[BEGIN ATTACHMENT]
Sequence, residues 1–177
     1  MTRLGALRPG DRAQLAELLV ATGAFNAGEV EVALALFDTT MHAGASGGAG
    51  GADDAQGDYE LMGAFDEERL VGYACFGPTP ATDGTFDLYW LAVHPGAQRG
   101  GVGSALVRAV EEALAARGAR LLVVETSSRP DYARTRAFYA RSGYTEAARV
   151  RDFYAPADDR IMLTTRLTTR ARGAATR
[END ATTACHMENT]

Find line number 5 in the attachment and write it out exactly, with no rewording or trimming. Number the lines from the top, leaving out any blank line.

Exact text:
   151  RDFYAPADDR IMLTTRLTTR ARGAATR